I am simply trying to build a toy however that you can turn on, throw in a pocket, and share with your friends so I avoided the design route of asking you a whole survey about the ride’s features before you get on. Instead I went a different route to produce a set of formulas that roughly approximate that in the game regardless of what kind of roller coaster you are on, mystery multiples and all, by comparing the scores of real roller coasters to those in the game. Fortunately this summer I have had access to a roller coaster that was in the game and that I could ride in real life- a ‘boomerang’! These roller coasters are everywhere, as they have a small footprint and low cost that makes them perfect for parks wanting to add a coaster on a small budget. The model in the game is ‘Defibrillator’ and it can be found in the ‘Funtopia’ scenario of the original game.

So, readers, I rode it just for you! Just kidding- I am obsessed with roller coasters and the fact that I needed to ride one to complete this project was no coincidence. I started building a prototype of my app using Ionic and Apache Cordova, which would enable me to release my app for you on either Android or iOS without needing to rewrite any of my code. There are excellent tools for making a fun UI (I tried to keep the colors and theming true to the original game) and you can import great packages for social sharing and interfacing with the accelerometer. I ran my app and saved the base score using the basic formulas from OpenRCT2 with no multiples. I then tested for the scores for ‘Defibrillator’ in the game, computed my multiples empirically to scale my ratings appropriately, and voila! We now get scores we would expect if real coasters were in the game!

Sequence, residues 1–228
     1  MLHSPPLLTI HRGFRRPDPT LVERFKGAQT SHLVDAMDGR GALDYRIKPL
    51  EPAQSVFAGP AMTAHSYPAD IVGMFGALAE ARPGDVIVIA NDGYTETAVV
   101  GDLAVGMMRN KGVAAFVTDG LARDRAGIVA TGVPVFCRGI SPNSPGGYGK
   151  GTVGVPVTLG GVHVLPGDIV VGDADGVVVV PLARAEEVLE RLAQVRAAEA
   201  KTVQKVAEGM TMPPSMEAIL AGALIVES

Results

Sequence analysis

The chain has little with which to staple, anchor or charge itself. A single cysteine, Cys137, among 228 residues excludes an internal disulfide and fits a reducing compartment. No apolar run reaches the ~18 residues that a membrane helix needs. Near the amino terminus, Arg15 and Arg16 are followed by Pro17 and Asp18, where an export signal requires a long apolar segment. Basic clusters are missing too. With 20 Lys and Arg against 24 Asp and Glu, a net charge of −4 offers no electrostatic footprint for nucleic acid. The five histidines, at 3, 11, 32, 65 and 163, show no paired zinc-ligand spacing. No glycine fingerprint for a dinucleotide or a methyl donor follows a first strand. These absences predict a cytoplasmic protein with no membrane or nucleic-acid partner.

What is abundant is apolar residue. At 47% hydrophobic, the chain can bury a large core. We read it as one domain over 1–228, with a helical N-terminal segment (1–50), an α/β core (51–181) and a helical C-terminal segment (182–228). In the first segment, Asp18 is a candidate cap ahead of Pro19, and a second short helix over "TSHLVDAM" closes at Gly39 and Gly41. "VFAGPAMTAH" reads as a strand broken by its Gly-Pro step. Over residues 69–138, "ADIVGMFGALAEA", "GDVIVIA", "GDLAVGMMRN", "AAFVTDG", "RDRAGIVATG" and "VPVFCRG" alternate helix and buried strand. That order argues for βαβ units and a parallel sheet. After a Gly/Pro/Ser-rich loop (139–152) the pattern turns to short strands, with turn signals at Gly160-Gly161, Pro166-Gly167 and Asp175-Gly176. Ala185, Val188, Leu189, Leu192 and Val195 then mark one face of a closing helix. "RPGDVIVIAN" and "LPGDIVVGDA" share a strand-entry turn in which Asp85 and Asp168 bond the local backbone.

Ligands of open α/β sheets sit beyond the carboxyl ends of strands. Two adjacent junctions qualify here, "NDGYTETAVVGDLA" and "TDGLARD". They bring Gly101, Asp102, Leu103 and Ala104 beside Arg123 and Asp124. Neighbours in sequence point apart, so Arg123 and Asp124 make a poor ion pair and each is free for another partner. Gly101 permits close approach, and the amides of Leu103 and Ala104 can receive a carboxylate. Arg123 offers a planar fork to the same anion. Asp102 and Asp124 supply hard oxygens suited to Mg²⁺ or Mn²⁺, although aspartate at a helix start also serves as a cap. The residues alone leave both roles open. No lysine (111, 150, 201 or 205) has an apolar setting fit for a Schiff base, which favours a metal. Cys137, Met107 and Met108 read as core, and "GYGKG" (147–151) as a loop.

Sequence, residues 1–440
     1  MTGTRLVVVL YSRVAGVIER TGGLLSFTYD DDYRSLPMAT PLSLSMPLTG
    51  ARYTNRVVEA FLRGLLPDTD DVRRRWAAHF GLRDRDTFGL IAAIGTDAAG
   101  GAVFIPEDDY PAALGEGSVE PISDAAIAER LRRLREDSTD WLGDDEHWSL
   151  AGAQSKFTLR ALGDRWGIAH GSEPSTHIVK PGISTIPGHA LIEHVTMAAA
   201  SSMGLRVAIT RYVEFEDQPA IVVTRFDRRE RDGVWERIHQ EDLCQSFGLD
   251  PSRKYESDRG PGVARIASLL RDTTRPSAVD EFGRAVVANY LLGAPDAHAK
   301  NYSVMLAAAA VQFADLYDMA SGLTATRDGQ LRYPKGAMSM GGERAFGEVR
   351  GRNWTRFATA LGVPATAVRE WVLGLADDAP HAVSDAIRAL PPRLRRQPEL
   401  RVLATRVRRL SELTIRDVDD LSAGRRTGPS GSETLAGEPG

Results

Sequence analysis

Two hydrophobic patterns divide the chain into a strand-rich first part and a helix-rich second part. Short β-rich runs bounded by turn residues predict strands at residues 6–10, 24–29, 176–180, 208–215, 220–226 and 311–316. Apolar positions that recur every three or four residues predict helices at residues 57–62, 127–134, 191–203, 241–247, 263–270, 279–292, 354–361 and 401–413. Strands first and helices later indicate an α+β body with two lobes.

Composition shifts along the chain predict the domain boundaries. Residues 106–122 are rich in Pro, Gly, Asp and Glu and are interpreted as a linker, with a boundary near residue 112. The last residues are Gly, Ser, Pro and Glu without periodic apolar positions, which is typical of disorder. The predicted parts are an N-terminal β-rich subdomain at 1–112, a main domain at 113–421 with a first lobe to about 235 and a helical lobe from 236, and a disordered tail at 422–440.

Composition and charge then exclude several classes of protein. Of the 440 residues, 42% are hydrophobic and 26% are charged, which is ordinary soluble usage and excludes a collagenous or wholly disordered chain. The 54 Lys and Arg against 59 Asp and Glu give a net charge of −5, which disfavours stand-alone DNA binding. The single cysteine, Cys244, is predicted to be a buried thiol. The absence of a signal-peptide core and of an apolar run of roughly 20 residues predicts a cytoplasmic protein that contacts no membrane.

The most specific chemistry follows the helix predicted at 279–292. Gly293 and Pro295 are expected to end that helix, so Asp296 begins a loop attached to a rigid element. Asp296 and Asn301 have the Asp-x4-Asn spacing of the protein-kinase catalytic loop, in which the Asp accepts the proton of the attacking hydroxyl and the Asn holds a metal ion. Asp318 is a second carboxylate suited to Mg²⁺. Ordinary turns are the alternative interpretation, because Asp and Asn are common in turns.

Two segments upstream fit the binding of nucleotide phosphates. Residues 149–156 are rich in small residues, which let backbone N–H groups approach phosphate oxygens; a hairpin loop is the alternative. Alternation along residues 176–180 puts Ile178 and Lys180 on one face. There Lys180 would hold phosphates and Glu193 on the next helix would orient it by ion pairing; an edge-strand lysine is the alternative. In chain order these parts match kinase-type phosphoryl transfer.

My Boomerang test ride with raw (unscaled) scores reported at the bottom.

Additionally I wanted to provide you with the raw data that went into your scores, just like the game. I used the awesome Chart.js library to plot the vertical and lateral G-forces live for you right on the screen, letting you have a nice plot of the forces experienced on the ride once you’re done:


Here are a few scores from my recent trip to Cedar Point and Kings Island in Ohio:

It is amazing fun- my favorite highlights are the legendary The Beast having an appropriate intensity of ‘Very-high’ and the crowd-favorite Maverick having excitement at ‘Very-high’. I even rode the new Steel Vengeance– just look at those vertical G’s! Simply download the app from Google Play or Apple App Store, insert the phone top-first and screen facing left into a pocket, and hang on tight! Obviously follow any rules about loose articles (they are there for a reason) but generally as long as you have a pocket that can be sealed this is a fun way to rate coasters, plot their g-forces, and brag to your friends about how you pulled 5G’s on Steel Vengeance this summer. Once you hit the ‘end’ button hit ‘share’ and post the scores to social media, then hit ‘clear’ and enter the next coaster’s name before going and conquering it. Have fun and make good choices!

Download on Google Play

Download on the Apple App Store